In a recent affordable housing study, consultant Glenn Chalder of Planimetric found more than 8,000 homes in the city that met the cost requirements to be considered affordable. In the absence of an indenture restriction capping the price, these properties are not counted by the state.
“Southington offers a diversity of housing options,” Hammersley said. “It takes a state-level conversation about what and how we define affordable housing. I don’t know what the real desire is, if we have affordable housing like this, what are we looking for? »
Chalder’s study found that about 4,500 local households spend more than 30% of their income on housing. This is considered a financial burden by state housing officials.
Hammersley said it’s important to have homes that don’t strain residents’ finances, but want development led by local planners rather than pushed under threat of litigation.
Hammersley and other planners weren’t optimistic that development of deed-restricted housing would be enough to meet the 10% target. Although some recent developments have included affordable houses or apartments, they have also increased the total amount of housing in town. The city should require that more than 10% of units in these developments remain affordable to gain land.
“You’re chasing your tail. You can almost never get there,” Hammersley said.
According to Chalder’s study, the city has 54 affordable housing units under deed restrictions. Others are planned and proposed.
Supported housing, such as Summer Brook Apartments on Darling Street, totals 319 units. Homes purchased with CHFA and USDA mortgages represent an additional 317 affordable homes.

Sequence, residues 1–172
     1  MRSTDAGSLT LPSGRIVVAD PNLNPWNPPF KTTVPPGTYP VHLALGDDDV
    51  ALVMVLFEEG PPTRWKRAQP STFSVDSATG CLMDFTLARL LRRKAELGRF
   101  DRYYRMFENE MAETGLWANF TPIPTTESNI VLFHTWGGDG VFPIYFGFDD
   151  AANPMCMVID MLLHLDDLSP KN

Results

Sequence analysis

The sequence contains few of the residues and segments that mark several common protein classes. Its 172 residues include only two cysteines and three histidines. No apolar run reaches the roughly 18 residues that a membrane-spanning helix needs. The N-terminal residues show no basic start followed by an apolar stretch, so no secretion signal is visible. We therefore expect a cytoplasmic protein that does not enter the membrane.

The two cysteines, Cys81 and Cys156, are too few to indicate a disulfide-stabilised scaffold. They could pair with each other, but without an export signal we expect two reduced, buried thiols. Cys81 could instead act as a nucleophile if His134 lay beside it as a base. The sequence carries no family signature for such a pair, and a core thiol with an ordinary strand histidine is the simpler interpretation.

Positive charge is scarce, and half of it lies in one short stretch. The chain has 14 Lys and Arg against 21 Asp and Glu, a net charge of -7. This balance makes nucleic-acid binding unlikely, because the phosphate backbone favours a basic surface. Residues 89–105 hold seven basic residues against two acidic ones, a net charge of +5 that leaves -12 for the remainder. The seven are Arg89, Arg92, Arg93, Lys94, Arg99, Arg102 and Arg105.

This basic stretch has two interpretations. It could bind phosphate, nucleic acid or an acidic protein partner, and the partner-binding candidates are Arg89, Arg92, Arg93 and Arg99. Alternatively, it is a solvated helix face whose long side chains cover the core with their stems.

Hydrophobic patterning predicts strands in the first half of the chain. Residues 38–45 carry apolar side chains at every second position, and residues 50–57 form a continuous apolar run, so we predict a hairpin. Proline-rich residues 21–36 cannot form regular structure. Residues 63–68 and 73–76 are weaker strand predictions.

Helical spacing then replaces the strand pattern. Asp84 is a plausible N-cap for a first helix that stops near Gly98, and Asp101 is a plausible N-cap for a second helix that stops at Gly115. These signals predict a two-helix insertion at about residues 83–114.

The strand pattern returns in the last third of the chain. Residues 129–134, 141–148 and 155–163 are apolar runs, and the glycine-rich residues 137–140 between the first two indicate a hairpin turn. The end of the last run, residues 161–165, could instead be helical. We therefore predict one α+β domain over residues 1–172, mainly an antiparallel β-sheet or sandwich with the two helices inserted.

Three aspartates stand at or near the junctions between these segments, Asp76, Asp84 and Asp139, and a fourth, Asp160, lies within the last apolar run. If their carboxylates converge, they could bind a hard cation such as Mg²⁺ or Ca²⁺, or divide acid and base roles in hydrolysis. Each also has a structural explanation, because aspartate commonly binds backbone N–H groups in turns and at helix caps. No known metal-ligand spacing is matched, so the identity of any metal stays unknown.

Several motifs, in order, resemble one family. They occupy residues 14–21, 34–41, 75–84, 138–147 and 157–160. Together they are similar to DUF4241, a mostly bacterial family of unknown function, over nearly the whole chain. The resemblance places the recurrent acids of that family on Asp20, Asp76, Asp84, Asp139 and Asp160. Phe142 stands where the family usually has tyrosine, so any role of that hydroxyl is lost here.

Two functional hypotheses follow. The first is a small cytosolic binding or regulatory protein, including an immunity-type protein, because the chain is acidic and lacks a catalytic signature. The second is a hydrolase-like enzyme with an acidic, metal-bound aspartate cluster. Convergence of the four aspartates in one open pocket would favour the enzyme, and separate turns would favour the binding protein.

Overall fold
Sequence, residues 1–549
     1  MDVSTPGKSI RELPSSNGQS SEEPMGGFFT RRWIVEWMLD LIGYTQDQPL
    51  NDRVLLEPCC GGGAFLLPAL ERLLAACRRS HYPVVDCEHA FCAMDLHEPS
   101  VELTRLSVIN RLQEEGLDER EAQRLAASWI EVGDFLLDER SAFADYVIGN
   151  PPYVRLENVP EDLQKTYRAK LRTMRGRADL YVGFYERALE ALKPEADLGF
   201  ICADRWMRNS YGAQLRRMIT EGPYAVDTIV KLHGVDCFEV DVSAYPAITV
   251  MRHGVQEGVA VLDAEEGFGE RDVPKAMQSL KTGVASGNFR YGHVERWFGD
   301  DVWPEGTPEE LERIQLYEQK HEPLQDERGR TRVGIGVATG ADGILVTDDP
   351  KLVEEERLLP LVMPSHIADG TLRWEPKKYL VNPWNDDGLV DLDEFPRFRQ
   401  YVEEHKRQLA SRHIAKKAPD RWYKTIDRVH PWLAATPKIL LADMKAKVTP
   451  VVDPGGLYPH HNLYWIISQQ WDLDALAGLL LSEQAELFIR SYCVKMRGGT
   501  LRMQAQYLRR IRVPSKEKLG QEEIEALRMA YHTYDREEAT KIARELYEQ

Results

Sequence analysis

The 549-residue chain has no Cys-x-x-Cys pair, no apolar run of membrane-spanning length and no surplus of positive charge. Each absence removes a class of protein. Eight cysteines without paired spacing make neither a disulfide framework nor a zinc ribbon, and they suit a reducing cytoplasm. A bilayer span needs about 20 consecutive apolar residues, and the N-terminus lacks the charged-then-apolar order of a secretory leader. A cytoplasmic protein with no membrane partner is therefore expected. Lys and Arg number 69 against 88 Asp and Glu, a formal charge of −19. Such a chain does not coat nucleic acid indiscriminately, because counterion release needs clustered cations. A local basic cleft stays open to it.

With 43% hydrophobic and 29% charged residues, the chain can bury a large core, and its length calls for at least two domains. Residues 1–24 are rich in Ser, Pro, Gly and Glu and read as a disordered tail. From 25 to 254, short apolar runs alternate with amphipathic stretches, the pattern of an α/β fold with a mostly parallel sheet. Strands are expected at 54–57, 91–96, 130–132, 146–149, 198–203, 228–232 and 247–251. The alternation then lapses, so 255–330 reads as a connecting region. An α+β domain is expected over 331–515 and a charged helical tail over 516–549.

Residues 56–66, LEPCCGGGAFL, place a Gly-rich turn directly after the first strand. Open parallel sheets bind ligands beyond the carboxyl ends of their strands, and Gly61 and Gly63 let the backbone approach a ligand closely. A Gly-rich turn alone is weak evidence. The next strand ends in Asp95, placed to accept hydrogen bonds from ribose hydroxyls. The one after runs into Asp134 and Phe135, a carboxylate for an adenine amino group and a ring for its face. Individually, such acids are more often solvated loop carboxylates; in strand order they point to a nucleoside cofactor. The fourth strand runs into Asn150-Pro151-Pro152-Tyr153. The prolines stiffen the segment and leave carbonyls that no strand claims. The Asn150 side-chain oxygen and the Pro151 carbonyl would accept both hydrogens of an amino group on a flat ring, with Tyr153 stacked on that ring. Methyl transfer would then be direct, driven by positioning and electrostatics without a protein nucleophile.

Southington has the most control over its Housing Authority’s 180 units that are open to low-income elderly and disabled residents. But the four Housing Authority complexes were built decades ago by the state and there are no plans to expand social housing.
Local housing officials said the city has donated land on Main Street, Carter Lane, Pleasant Street and Academy Street for public housing. The state built housing on the four sites between 1968 and 1984.
The Housing Authority’s board is focused on overseeing units already under its control rather than planning for expansion. Stuart Savelkoul, a Democrat on the board, said affordable housing is a complicated issue and the Housing Authority would only be part of it if the opportunity to expand presented itself.
“From a general philosophical standpoint, we’re not necessarily looking to increase the number of available homes as much as making sure what we have is up to the standards we expect,” he said.
Julie Cossette, executive director of the Housing Authority, was among local officials interviewed by Chalder as part of its affordable housing study. The study, mandated by the state, included recommendations for expanding affordable housing options.
Cossette said Chalder asked him if the Housing Authority would be able to oversee more units if the opportunity to build or acquire them arose.
“I would love to do that,” she said.
Cossette oversaw the development of new social housing in New Haven. She is familiar with the process by which a housing authority partners with investors to build subsidized housing. This is the most common way to build social housing.
“I know from experience how to go through the whole process,” Cossette said. “I haven’t had a discussion with my board, the city manager or the city council about how we would do this, how we would add to what we have now.”
Housing authority rents are set at a base rate or 30% of the tenant’s income, whichever is greater. Some residents have Section 8 vouchers that open up Housing Authority housing to very low-income residents, Cossette said.
Journalist Jesse Buchanan can be reached at [email protected]